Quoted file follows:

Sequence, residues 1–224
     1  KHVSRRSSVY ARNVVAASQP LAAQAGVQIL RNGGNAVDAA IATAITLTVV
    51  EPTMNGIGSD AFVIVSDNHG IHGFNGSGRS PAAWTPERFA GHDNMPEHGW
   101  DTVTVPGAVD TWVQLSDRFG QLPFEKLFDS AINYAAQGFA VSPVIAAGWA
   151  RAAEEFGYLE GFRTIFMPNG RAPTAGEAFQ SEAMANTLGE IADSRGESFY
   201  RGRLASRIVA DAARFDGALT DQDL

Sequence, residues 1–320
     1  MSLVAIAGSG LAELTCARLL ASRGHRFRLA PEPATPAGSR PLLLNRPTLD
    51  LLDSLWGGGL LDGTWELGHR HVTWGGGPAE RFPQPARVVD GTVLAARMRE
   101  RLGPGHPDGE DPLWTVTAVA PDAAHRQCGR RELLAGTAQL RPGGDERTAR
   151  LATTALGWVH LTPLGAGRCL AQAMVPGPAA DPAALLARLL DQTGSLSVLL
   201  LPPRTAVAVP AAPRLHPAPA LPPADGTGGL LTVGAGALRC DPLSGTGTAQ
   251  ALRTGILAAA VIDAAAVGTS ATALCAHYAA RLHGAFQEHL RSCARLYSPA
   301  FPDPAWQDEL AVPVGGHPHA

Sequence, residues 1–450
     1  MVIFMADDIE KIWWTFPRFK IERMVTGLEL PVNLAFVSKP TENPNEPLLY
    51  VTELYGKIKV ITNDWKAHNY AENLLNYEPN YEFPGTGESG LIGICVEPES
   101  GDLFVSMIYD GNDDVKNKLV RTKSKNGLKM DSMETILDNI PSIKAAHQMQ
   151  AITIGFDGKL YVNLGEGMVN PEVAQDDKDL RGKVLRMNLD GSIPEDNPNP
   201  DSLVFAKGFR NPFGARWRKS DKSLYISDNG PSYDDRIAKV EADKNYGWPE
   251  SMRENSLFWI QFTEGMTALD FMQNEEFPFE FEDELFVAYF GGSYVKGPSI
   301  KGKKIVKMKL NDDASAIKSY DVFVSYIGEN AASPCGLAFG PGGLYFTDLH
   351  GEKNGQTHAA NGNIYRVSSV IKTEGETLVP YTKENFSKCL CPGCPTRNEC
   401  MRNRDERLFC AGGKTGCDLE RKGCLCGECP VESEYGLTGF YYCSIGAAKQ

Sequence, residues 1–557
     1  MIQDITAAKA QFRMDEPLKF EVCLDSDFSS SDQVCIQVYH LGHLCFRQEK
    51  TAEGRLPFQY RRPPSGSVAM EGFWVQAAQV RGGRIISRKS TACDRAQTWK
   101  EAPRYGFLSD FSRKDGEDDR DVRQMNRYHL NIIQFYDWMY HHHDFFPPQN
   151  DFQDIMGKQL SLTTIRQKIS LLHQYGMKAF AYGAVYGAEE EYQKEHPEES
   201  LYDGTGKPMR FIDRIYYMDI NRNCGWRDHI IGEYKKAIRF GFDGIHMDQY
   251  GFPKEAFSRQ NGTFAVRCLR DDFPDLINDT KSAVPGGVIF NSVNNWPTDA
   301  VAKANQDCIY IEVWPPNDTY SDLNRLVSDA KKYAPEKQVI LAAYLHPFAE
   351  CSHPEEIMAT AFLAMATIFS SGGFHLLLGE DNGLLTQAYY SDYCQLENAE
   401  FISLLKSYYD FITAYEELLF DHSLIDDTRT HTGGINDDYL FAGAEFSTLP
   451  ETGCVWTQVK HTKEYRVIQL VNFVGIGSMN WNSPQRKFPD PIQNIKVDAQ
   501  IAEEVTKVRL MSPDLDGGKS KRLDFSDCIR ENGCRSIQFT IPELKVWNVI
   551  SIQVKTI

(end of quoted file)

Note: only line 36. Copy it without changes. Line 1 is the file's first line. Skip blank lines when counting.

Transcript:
   501  IAEEVTKVRL MSPDLDGGKS KRLDFSDCIR ENGCRSIQFT IPELKVWNVI